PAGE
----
Smile Baggage

A few days ago I had a chip in my left front tooth repaired, and I keep going to mirrors and smiling at them. The dental assistant did a really great job. It’s really hard to tell that there was a chip for 15+ years.

But I’ll probably be back to hating my smile again in a day or two, after the novelty has worn off. That’s neither here nor there… I’ve never liked to smile. Part of that stems from my lifelong discomfort with my teeth (Grandma, rest her soul, would inspect and comment on them every time we visited), but another reason I’ve never been a grinner comes from the fact that I am not a cheerful person, by and large. Most of the time, I’m neutral… happy is too strong a word for my usual mood, and I don’t like to go about aimlessly smiling (I do enough of that at work). But even as a kid, the constant pressure to smile and “be happy” all the time irked me. At school, they wouldn’t stop taking yearbook photos until everyone was smiling. The worst of it was when I was graduating… it was 87 degrees, somebody had already passed out, and because our caps and gowns were very light-colored, the tall people were getting blinded… but it was emphasized that the session would not end until everyone grinned (I thought of Sean Connery circa 1963 and bared my teeth. It was the last photo.)

The W.C. Fields quote, “just start every day out with a smile and get it over with,” sums up my feelings beautifully.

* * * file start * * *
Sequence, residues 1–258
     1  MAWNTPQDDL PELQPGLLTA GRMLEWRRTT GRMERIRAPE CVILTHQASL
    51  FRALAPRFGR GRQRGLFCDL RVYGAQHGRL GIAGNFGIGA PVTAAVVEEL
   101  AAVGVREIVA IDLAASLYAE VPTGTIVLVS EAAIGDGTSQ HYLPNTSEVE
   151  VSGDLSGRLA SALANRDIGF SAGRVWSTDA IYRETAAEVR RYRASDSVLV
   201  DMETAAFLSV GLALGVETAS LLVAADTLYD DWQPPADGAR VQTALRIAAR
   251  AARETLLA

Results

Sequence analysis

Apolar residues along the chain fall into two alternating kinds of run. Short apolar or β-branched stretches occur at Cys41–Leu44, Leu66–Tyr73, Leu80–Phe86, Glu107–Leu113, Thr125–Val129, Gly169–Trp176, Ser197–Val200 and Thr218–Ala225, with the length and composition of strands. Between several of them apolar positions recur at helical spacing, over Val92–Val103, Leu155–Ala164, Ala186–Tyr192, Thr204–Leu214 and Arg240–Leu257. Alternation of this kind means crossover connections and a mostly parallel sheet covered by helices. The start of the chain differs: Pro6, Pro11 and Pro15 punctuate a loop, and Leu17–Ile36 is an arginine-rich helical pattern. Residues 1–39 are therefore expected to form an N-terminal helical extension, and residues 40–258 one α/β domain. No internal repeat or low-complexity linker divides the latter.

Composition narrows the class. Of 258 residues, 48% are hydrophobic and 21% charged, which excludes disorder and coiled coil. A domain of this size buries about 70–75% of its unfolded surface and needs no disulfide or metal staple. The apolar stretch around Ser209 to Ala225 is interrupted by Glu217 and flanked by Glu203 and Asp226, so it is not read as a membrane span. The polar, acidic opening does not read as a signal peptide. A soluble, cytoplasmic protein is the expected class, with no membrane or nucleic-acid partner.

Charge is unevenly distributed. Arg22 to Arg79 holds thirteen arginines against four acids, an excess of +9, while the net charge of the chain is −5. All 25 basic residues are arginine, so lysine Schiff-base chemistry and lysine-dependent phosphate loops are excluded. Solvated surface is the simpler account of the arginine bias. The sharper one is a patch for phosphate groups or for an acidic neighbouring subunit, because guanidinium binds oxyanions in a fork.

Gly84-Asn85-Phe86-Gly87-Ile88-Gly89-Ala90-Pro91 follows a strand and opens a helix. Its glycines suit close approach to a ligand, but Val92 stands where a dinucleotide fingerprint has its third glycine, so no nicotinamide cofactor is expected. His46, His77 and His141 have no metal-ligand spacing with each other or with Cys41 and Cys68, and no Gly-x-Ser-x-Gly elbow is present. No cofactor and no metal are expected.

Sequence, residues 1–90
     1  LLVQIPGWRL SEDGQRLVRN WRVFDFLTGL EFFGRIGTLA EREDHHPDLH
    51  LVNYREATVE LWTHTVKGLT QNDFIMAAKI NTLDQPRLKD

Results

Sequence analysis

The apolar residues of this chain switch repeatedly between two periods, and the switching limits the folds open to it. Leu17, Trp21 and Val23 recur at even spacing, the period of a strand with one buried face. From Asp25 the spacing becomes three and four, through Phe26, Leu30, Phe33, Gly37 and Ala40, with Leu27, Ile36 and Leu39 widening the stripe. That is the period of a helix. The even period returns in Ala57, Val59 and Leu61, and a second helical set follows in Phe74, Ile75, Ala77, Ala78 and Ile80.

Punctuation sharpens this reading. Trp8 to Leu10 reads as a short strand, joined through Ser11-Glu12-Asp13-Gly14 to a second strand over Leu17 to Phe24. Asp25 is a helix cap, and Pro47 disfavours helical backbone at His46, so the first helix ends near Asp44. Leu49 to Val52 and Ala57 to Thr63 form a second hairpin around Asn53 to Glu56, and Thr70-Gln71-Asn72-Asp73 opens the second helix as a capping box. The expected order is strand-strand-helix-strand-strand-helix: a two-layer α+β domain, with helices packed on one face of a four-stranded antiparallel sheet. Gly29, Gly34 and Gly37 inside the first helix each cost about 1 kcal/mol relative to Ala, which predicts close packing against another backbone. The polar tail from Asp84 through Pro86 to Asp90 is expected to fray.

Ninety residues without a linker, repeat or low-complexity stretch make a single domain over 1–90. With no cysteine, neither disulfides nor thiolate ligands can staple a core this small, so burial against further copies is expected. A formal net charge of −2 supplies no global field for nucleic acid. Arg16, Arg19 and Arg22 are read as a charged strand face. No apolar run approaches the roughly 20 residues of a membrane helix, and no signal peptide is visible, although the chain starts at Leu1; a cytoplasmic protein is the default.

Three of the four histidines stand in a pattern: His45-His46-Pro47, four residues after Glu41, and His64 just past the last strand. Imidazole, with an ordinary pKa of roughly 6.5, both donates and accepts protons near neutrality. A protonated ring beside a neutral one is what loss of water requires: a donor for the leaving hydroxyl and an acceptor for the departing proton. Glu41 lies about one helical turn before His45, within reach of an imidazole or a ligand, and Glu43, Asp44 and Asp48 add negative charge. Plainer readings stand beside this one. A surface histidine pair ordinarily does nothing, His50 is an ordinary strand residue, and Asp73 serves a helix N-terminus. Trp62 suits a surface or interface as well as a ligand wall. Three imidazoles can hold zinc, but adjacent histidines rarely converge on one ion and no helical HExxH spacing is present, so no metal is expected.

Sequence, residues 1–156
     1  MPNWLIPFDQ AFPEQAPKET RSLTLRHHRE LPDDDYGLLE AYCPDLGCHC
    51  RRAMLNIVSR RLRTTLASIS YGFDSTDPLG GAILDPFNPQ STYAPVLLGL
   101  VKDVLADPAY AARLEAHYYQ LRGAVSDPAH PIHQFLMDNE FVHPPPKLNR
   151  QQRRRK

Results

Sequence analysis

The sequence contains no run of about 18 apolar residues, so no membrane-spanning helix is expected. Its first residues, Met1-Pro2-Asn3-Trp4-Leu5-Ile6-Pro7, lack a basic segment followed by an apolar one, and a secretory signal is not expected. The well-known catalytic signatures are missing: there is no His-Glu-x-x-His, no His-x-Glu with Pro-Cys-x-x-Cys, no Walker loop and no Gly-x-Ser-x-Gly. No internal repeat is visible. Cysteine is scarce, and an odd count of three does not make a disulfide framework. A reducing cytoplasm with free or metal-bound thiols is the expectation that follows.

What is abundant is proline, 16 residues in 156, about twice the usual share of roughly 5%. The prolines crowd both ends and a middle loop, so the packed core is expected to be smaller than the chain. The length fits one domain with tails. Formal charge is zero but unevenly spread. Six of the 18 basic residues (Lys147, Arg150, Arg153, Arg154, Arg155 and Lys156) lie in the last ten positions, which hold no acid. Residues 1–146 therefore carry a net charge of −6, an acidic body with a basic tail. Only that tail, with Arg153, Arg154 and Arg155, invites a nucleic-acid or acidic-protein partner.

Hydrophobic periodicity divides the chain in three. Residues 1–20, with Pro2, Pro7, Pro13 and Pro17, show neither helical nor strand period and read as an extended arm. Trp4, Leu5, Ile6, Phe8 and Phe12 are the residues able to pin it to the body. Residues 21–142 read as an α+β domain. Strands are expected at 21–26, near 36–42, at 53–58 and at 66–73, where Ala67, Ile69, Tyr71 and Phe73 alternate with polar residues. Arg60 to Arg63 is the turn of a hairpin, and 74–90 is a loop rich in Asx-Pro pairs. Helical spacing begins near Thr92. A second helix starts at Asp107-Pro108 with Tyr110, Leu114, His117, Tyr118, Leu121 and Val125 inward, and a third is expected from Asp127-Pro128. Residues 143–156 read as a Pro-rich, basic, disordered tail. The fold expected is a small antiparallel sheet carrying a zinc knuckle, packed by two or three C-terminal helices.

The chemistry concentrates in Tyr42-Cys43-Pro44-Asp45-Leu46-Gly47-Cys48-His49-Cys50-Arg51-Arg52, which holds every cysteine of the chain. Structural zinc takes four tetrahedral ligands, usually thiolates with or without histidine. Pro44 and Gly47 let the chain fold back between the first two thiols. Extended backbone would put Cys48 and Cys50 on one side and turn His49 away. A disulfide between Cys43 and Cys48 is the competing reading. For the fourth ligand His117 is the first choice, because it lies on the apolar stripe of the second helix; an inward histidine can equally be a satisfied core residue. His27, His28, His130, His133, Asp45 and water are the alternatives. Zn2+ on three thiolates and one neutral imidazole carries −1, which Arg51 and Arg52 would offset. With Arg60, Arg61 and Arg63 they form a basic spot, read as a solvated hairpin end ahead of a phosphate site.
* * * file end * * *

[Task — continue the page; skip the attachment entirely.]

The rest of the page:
Especially when, as a woman, a lot of people tell me to smile… that I’ll get wrinkles if I don’t… I’ll look prettier if I smile… the usual litany of garbage. I know I’m quite ornamental, but there’s more to me than that. Besides…  some days there are other things to think about. Or just the fact that I’m up, about and civil is a victory. I don’t need unsolicited editorials. This was especially true in graduate school, when I was often physically sick and/or anxious or depressed.

Speaking of which… I don’t know how common this particular pressure to smile is, and whether it’s segregated by gender (although I suspect it’s more aimed at females), but in college I once received a lecture about how it was important to smile because not smiling at someone might be the final straw that pushes them to self-harm or suicide. It’s possible, of course, but that whole lecture never sat well with me. It was a lot of pressure, and it seemed too broad, considering that the fuss was about a very specific dorm issue (that I wasn’t even aware of).  But it still comes down to not smiling for yourself, but smiling aimlessly for the benefit of the rest of the world.

It’s heavy emotional labor, acting happy for the benefit of everybody else. It’s tiring. And there’s just not always time for it. There’s courtesy and respect, and there’s being a Stepford. Or a Smylex victim (

And on that note, I’ll leave you. Because the Joker is always a tough act to follow (and live). Unless you’re Batman, and if you’re Batman, no one will tell you smile without fear of losing teeth. Just noting.


Top 11 Scariest Performances #8 Danny DeVito

Be careful what you throw in the sewer.

Be careful what you throw in the sewer.